“Yeah,” I said. “Did you forget to mention you had partners?”
    “I don’t know what you’re talking about,” Rollie whined. “I have no idea who they are!”
    Jess shook her head. “Yeah. Right.” She checked her side mirror. “Think we shook them?”
    I shrugged. “Somehow I doubt it. Grab my piece and slap it on the seat, would ya’, babe?”
    Jess rolled her eyes. “The last time you used that line we were on a stakeout in a park, and we nearly got arrested.” She reached across and grabbed my Browning 9 mil out of the shoulder holster strapped under my left arm. She set it on the seat and said, “Good thing that cop had a sense of humor. Somehow I don’t think the Chief would have appreciated our unprofessional conduct.”
    “Yeah, but that was some stakeout, wasn’t it?”
    Rollie leaned forward in his seat and said, “This is all very interesting, Frank. But could keep your eyes on the road?”
    Jess and I both snapped a reply, “Shut up Rollie!”
    He slithered back in his seat and kept his mouth shut.
    “So, what do we do now?” Jess asked.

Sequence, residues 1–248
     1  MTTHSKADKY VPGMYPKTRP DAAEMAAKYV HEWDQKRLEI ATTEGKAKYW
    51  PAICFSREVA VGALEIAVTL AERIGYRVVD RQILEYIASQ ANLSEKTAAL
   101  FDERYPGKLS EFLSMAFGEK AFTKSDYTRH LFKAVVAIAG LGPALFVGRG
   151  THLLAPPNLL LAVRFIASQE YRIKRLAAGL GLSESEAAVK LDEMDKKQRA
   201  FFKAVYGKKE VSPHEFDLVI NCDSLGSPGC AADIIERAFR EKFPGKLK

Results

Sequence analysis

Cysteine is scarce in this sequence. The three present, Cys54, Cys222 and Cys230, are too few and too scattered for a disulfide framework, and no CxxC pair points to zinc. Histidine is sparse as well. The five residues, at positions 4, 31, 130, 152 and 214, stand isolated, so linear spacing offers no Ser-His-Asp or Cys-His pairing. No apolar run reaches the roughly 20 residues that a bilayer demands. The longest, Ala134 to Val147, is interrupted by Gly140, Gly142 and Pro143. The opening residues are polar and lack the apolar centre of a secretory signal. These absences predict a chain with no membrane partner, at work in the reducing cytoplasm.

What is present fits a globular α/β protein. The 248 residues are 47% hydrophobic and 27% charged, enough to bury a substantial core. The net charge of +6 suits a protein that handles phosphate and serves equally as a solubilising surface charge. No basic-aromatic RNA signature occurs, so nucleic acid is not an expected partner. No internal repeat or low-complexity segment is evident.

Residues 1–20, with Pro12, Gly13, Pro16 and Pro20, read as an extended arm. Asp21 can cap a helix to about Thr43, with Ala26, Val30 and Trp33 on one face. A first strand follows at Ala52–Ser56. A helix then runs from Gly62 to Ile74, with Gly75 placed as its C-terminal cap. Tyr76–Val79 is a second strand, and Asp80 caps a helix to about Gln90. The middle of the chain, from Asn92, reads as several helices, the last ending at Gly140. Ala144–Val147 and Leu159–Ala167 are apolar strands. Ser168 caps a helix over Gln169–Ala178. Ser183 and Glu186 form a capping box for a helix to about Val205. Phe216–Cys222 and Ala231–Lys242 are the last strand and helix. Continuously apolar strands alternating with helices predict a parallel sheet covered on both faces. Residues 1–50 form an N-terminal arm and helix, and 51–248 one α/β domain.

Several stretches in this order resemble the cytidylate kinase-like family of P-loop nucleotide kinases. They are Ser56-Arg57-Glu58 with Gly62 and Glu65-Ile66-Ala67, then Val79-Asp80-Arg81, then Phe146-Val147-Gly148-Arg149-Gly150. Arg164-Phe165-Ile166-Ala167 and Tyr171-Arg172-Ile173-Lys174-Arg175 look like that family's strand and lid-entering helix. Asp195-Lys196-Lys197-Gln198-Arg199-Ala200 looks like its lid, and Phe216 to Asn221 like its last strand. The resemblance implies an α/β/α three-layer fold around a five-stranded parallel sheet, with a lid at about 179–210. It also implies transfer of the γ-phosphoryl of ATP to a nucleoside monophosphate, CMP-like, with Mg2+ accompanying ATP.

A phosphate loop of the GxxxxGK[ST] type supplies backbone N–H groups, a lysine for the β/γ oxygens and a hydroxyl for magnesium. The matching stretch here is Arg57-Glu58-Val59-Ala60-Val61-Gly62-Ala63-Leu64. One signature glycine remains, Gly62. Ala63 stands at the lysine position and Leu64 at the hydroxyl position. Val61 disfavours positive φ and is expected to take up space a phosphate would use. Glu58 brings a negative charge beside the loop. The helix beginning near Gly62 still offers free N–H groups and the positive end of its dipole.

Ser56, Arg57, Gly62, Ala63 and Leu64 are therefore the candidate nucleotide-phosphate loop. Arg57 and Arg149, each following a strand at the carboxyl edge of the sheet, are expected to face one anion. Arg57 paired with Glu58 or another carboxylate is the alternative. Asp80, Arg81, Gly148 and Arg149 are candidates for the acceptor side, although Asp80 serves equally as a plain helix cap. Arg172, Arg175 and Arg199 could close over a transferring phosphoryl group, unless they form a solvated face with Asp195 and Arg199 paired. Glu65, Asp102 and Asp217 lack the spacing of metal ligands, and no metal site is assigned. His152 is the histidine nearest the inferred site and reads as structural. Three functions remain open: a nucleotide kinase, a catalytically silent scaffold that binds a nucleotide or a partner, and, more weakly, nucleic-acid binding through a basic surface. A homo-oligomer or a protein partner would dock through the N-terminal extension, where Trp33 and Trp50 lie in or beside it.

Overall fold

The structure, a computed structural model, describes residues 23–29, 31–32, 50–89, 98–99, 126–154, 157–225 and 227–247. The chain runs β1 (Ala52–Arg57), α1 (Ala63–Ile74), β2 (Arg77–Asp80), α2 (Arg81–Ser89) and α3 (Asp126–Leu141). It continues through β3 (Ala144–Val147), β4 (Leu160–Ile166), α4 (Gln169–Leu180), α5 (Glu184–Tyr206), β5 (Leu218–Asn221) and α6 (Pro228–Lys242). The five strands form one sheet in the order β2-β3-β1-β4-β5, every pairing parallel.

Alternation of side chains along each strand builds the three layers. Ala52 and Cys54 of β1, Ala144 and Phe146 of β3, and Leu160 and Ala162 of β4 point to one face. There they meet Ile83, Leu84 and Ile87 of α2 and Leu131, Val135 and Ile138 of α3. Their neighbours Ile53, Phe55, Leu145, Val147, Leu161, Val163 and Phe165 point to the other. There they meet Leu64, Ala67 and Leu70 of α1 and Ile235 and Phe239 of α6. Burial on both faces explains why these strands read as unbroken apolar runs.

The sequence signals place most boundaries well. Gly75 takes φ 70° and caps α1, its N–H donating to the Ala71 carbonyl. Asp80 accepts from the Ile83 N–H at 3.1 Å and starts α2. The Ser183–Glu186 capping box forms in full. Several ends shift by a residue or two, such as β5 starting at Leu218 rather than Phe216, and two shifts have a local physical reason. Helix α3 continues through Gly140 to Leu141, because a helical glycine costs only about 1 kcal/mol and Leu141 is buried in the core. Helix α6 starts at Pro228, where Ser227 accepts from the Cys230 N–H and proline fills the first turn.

“I think it’s time we got off the highway,” I told her. “I know a place up the road where we can hang loose and get some backup.”
    We stopped in a town about 30 miles from the Canadian border. It wouldn’t have been much of a stretch to make a run for Vancouver, but it was a pretty barren area, and if the Caddy and his buddies came gunning for us again, it was going to end in a nasty car crash or shootout. I preferred to play those games on my terms.
    Jess looked at me funny when I pulled into the parking lot of a small bar. We gave Rollie a jacket to cover his handcuffs and walked in through the back door. “This is a great little place,” I told Jess. “I used to hang out here after my divorce. Got me out of the city. Gave me something to do”
    “You think it’s a good idea to chance a shootout here?” She looked around the room. “There’s an awful lot of people.”
    I smiled. “Trust me, babe. These guys can take care of themselves. Isn’t one guy here who doesn’t cherish a decent fight.”